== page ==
Magazine article CRM Magazine

Locating Intelligence: By Knowing the "Where" in Anywhere, Business Intelligence Just Got a Whole Lot Smarter

Magazine article CRM Magazine

Locating Intelligence: By Knowing the "Where" in Anywhere, Business Intelligence Just Got a Whole Lot Smarter

Article excerpt

[ILLUSTRATION OMITTED]

When Don Campbell wanted to measure the exact length of garden hose he needed for his yard, he didn't count how many steps it took to cover the distance. He didn't use a piece of string and measure it section by section against a ruler. He didn't even use his five-meter-long retractable measuring tape. What the chief technology officer of Cognos, an IBM company specializing in business intelligence, did use was the simple point-to-point measuring tool on Google Earth.

With the relatively recent advent of technology such as Google Earth and Google Maps, consumers have (free!) access to incredible geospatial information. Moreover, many of today's mainstream consumer electronics are equipped with location-based technologies such as radio-frequency identification (RFID) or the global positioning system (GPS). In addition, an individual's location can be estimated based on cellular triangulation by measuring distance and signal strength between cell towers. "All these things are coinciding," Campbell says. The disconnect, however, occurs once you step in the office: "I come into the business world and I'm frustrated with the fact that I don't have the same kind of tools for a business need," he says.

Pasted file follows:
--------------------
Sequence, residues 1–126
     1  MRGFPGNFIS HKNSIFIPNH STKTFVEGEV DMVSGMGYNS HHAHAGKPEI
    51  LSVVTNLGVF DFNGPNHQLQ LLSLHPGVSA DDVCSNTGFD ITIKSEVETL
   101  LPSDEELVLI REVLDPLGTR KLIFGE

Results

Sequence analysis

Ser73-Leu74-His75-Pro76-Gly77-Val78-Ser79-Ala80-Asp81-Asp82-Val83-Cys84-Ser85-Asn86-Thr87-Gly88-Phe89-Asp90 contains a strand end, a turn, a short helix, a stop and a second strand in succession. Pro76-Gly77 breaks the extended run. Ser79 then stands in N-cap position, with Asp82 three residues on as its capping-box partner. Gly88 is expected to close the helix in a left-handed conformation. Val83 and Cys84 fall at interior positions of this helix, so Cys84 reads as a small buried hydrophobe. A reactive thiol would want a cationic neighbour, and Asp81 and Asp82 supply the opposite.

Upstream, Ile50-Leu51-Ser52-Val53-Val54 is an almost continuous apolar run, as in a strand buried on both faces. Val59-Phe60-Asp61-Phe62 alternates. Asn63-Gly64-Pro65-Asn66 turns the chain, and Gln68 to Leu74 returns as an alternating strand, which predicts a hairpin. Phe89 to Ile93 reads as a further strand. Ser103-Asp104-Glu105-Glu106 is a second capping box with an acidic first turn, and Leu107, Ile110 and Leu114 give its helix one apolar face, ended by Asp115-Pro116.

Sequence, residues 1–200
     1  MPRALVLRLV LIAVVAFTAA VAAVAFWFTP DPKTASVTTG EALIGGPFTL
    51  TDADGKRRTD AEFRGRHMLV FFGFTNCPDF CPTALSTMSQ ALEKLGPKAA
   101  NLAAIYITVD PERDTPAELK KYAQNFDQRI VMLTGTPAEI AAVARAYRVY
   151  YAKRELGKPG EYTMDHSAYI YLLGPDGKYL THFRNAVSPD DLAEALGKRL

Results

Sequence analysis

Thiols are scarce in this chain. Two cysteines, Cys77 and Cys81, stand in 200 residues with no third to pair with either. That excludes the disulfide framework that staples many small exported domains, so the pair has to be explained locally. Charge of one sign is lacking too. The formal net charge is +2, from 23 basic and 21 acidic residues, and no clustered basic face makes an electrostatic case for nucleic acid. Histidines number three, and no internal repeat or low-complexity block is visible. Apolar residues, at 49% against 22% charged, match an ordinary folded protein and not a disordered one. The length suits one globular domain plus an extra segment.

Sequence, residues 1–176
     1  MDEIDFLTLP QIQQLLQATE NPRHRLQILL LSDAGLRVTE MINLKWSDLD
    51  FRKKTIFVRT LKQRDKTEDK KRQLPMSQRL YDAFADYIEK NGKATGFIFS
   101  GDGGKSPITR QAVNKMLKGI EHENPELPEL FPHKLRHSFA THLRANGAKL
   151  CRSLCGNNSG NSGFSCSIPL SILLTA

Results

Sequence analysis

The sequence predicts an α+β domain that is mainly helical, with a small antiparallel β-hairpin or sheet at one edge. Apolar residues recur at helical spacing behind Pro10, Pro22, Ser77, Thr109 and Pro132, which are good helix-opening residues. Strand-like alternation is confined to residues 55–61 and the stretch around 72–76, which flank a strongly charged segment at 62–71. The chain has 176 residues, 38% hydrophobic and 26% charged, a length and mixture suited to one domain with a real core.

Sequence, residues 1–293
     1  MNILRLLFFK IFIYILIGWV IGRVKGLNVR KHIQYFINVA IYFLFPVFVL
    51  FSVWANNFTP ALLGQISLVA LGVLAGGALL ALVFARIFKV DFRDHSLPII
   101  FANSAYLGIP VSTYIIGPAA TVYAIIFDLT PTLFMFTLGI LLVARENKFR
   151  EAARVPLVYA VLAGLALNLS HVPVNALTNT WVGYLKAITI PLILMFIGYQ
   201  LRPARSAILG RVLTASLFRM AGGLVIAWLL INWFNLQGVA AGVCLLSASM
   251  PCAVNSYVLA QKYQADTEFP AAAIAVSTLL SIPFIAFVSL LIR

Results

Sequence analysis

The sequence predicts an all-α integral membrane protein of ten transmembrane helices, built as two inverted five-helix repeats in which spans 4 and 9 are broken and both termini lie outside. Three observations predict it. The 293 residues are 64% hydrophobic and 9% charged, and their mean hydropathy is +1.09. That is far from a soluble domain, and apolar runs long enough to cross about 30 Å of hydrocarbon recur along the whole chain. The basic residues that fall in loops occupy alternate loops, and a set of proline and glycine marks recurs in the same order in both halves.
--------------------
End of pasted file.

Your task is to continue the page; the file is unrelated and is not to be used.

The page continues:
To address this growing demand, location intelligence solutions provider Pitney Bowes MapInfo, which was acquired by mail and messaging solutions provider Pitney Bowes in March 2007, announced the integration of its Location Intelligence Component (LIC) for the IBM Cognos 8 Business Intelligence platform this past June. Previously, the two vendors supported a partnership that allowed customers to utilize both solutions, but the process was inefficient and cumbersome. End users would have to jump from Cognos, then perform geospatial rendering on MapInfo, then go back to Cognos. "The workflow was severely impacted," Campbell says. "The connection between the tools wasn't there."

After seeing users flip and flop, integration only made sense. "Instead of telling our customers, 'Here's the tool, go use it,' we thought, 'Why are we telling people to do it themselves? We're the experts at it,'" says Jon Winslow, director of business development at Pitney Bowes MapInfo. According to Winslow, the integration of geospatial intelligence and BI was inevitable. "Once you can tie your data to some place on Earth, you can really start to understand the context around it," he says. The LIC provides what Winslow calls a "bidirectional functionality," enabling users to take a report, put it on a map, select the most relevant items on a map, and filter it through Cognos--seamlessly. …

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